Update, Feb. 15
A surprise Grammy nomination for Best Contemporary Blues Album did not translate into an award for Janiva Magness and her band, which includes Zach Zunis, a guitarist who lives in East Hampton.
The South Fork is no stranger to world-class musicians and recording artists, be they summer visitors, second-home owners, or year-round residents. One in the latter category may not be a household name like Paul McCartney, Madonna, or G.E. Smith. Mr. Zunis, who is also an advertising salesman at The Star, plays with the Los Angeles-based singer Ms. Magness, whose album, “Love Wins Again,” was nominated. The Grammy instead went to "The Last Days Of Oakland" by Fantastic Negrito.
Originally, Feb. 9
“Love Wins Again” is the sixth album he has recorded with the singer, Mr. Zunis said recently, but “she’s been singing her ass off for years, a huge part of the Los Angeles music scene.”
The album faces formidable competition from artists including the Record Company, Joe Louis Walker, and Kenny Neal. Nonetheless, the nomination is a lesson in determination. “Through thick and thin, she has persevered,” said Mr. Zunis, who met the singer in the late 1980s after moving to California from his native Dayton, Ohio. “I admire her in so many ways.”
The Grammy nomination is a first for both Ms. Magness and Mr. Zunis, whose career is also a study in perseverance. When he was a youth in Dayton (“the funk capital of the world,” he informed a colleague), his first band, the Slugs, attracted the attention of members of the Ohio Players, including Marvin Pierce, who produced and shopped a demo for the band.
Mr. Zunis and a girlfriend later moved to San Diego, where he played with several bands. They subsequently moved to Los Angeles, where he held a succession of daytime jobs until, inspired by a favorite guitarist, Ronnie Earl, he quit a sales job to focus on music. “The girlfriend freaked out,” he remembered, “but I said, ‘I have to do this.’ ”
After sitting in just a few times with the late William Clarke, a top harmonica player and singer, he was asked to join Mr. Clarke’s band and go on tour. “He took me under his wing,” Mr. Zunis said. “I’d go to his house and he would give me a pile of cassettes and a jar of gumbo to take home.”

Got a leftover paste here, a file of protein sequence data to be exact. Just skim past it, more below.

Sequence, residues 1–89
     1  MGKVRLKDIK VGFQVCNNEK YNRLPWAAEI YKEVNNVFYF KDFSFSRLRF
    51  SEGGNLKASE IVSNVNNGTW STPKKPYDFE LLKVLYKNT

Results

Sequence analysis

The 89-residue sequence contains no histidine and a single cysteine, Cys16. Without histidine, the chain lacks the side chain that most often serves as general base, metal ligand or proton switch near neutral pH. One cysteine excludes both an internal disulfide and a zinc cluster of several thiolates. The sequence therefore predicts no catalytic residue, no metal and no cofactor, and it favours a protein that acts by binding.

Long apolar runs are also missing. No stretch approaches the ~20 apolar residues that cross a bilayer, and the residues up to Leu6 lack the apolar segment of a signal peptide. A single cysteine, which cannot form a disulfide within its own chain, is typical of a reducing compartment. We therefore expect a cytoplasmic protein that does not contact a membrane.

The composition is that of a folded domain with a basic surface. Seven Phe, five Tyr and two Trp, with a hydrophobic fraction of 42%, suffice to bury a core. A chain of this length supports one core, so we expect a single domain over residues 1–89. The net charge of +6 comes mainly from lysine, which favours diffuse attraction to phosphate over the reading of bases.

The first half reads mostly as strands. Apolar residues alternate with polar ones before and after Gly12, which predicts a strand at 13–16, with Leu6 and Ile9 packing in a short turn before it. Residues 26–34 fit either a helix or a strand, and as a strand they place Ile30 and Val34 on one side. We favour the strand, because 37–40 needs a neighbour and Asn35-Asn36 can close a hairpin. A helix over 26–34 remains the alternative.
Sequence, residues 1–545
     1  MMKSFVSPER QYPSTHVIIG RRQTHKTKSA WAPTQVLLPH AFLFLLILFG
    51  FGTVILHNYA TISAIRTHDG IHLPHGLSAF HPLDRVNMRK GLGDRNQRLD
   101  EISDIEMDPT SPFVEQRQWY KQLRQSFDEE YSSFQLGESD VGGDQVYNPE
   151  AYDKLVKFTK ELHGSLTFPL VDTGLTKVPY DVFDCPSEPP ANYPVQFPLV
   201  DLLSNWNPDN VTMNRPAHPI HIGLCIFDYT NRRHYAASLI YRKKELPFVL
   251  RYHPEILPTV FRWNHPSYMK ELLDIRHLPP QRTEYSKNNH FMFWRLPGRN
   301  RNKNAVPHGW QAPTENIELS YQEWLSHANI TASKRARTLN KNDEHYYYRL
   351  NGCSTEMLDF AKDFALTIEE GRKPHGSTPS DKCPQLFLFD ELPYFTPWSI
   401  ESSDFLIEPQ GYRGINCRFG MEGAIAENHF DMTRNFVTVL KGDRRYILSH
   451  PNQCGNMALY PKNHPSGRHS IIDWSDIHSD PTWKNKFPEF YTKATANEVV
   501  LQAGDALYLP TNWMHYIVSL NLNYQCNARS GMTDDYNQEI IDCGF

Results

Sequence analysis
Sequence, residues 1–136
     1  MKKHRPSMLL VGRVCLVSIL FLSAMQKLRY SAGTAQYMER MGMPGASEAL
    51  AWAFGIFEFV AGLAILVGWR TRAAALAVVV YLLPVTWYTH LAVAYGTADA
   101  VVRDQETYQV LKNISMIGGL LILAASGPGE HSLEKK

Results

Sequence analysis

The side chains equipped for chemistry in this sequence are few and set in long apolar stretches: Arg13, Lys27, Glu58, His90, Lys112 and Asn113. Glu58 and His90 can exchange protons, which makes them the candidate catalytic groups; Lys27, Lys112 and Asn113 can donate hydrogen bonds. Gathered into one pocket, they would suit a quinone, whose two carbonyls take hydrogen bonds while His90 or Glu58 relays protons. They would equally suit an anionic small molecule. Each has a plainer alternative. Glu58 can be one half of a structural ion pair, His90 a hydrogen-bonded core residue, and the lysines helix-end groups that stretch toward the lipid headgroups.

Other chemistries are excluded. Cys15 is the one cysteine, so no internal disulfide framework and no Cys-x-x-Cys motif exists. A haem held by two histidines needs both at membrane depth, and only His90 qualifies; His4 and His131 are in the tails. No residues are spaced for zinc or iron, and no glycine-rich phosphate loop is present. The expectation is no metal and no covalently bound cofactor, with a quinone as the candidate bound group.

“I played with him solidly for about three years,” Mr. Zunis said, recording several albums with Mr. Clarke for the Alligator Records label, “Blowin’ Like Hell” and “Serious Intentions” among them. “I learned so much from him — he was quite a musician, and a real individual.”
The late Lester Butler, another harmonica player and singer, was often in the audience at Mr. Clarke’s concerts — “Clarke was the man to see,” Mr. Zunis said. Mr. Butler signed with Def American Recordings, the label founded by the producer and music executive Rick Rubin, and asked Mr. Zunis to join his band, the Red Devils.
The group recorded at the famed Ocean Way Recording in Hollywood, the former United Recording, where legends including Frank Sinatra, Nat King Cole, Ray Charles, the Rolling Stones, and Michael Jackson had cut classic tracks before them. “As we were walking through the door, I heard this ominous sound,” Mr. Zunis said. The sound was the inimitable voice of Johnny Cash. “We walked in the control room, and there was Rick Rubin recording Johnny Cash,” he said. “They finished their session, and we started ours. We got to meet him — it was so cool.”
He played with other groups, and recorded another Alligator Records release, “Back Where I Belong,” with William (Billy Boy) Arnold, who had played harmonica on Bo Diddley’s “I’m a Man” in 1955. He also played on “King of Hearts” by the late blues and soul singer “King” Ernest Baker. More recently, Mr. Earl, who had inspired the young Mr. Zunis in Dayton years earlier, saw him perform with Ms. Magness in the Boston area and asked him to play on his 2014 release, “Good News.”
Ms. Magness had discovered Mr. Zunis playing with Clarke at Music Machine, a Los Angeles venue, and asked him to join her group. “We went on the road several times,” he said. “We’ve been together ever since. We’ve made some good music together.”
The guitarist, who counts B.B. King, Johnny Winter, and Albert King among his influences, also finds time to play in another group, Big Apple Blues, and appears on its recordings “Energy,” “Live at O’Flaherty’s,” and “Brooklyn Blues.”
Behind every successful man is a woman, of course — and perhaps a child as well. “My wife, Nitchie, has stuck by me through it all,” Mr. Zunis said. “She is such a big part of enabling me to do this kind of stuff.” Bronte, their daughter, has inherited her father’s passion for the guitar. “I showed her a few things,” he said, “and she’s totally into it.”